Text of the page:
Along the way, we visited some amazing Basilicas and Cathedrals, shared beautiful Masses and reflective time as the group ventured through Venice, Padua, Milan, Sienna, Assisi and Rome on the way to Krakow.
Each of these experiences had its own specialness, whether it was in the beauty of the setting for Mass, the quality of the singing and reflection times, the making and sharing of new friendships and the opportunity to be part of the incredible experience that is World Youth Day.
There were so many highlights for me and to highlight a few does not do justice to the whole experience. However witnessing approximately 1.6 million people participating in a candlelight Vigil with Pope Francis during the exposition of the Blessed Sacrament in total and reverent silence would be hard to beat.
The sight of this same number of young (and vintaged) people rising the next morning from their overnight vigil was also something to experience. With the colours of red, blue and yellow ponchos and sleeping bags dominating the horizon it was evident that the Sunday Mass with Pope Francis was going to be special, as it turned out to be.
Throughout WYD the catechesis program that our pilgrims attended featured some very impressive talks by Cardinals and Archbishops with ample opportunity for a Q&A session afterwards. In one of the English speaking areas that the Australians dominated, we were privileged to hear from Cardinal Timothy Dolan, Archbishop of New York, Cardinal Soane Patita Paini Mafi from Tonga and our own Archbishop Christopher Prowse, from the Canberra-Goulburn diocese.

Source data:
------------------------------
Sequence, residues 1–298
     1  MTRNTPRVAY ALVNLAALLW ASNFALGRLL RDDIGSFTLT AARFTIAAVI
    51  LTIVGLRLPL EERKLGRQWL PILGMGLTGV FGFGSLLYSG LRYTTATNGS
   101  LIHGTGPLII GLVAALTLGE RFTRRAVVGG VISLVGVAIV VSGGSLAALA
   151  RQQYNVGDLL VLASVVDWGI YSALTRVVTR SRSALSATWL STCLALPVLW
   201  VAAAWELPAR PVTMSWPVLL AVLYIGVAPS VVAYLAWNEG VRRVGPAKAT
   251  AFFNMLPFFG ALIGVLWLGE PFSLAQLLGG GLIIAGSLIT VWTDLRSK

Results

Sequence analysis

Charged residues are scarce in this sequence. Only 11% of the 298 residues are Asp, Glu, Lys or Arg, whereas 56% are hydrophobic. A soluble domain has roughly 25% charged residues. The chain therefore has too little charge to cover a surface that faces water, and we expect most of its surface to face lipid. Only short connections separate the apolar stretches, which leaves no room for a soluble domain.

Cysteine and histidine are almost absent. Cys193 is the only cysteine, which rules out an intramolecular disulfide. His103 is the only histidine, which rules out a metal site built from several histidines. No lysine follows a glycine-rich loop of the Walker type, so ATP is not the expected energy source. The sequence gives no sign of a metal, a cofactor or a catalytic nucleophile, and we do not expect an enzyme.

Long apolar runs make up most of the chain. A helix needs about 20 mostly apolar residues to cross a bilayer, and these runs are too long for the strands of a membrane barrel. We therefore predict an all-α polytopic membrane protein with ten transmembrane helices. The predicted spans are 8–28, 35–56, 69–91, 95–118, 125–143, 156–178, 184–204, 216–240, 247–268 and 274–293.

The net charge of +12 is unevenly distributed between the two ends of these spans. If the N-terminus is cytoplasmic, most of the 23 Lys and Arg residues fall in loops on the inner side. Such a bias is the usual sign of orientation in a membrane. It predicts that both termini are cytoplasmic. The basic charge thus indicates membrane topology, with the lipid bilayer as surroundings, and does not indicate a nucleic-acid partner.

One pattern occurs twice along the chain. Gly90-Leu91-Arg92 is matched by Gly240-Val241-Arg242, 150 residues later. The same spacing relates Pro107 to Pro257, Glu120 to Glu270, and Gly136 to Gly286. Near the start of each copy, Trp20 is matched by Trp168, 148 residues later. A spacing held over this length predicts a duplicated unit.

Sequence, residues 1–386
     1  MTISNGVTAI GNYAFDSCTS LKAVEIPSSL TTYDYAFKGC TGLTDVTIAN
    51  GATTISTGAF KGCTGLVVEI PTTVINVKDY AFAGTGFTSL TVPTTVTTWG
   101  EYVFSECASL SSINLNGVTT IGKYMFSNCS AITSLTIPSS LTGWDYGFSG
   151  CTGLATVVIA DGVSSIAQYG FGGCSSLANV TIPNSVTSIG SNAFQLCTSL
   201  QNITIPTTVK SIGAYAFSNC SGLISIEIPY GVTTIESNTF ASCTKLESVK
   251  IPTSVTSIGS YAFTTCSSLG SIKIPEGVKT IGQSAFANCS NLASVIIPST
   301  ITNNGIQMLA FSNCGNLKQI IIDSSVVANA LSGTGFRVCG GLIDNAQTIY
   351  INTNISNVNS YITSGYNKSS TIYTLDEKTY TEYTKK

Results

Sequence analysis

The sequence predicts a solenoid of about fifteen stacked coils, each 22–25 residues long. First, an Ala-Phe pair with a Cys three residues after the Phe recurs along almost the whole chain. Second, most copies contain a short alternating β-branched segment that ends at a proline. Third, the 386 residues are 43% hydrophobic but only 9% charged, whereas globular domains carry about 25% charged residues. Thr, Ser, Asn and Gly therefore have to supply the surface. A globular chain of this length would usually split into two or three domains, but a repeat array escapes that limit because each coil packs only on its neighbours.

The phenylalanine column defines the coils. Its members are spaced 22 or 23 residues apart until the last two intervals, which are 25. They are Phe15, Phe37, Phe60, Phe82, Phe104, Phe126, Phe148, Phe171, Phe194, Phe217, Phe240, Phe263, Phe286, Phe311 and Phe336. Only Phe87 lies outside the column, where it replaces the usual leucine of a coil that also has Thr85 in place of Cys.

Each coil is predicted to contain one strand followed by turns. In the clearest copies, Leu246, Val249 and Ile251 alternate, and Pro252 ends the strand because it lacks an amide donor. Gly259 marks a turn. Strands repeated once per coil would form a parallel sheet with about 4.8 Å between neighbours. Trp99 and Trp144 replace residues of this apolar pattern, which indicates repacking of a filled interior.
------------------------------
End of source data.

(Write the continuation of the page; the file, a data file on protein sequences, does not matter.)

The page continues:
I found these sessions so fulfilling with challenging and relevant questions being put by the speakers in attendance. I was delighted to witness, during Archbishop Prowse’s presentation, the attentiveness and participation of the students from our diocese.
Similarly each of the homilies and addresses given by Pope Francis were challenging and so full of hope and mercy. Our young people and the Church as a whole are so privileged to have him as our spiritual leader at this time in a world crying out for mercy.
WYD has presented it problems, particularly the access to and the departure from the two main venues but despite the heat, the thirst and the crush of massive crowds, there was a wonderful sense that “We are all in this together” and the spontaneity of the interactions was something to behold.
My lasting reflections focus on the people of Poland, who took us into their hearts in ways that can only be imagined. There was great joy in their outreach to the pilgrims. My great fear was that some terrible act of terrorism might eventuate at this WYD but the outstanding security provided by the Polish police, military and emergency service groups was simply outstanding. To be in some of the huge human crushes that took place but with an overwhelming sense of safety, was a tribute to these fine men and women who engaged with the pilgrims with the same sense of joy that pervaded the gatherings.
Whilst I am firmly planted in that category of “vintage”, allocated to us by our tour director in Italy, Salvatore, I have truly found the WYD Krakow to be a wonderful spiritual experience, one to be remembered for years to come.
I particularly want to thank Brian and Sue Lacey who developed and led the concept of the Intergenerational Pilgrimage, the members of the Leadership Team, Bishop Bill who was with his pilgrims virtually everyday from the start to the finish, our Chaplain Fr Greg Barker, and priests, Frs Peter, and Camillus and Deacon James, the young adults and students who made the trip so enjoyable, the many school and CSO staff members whose contribution to the pilgrimage was outstanding and my fellow “vintage” members who, I am sure, gained as much as I did from WYD Krakow.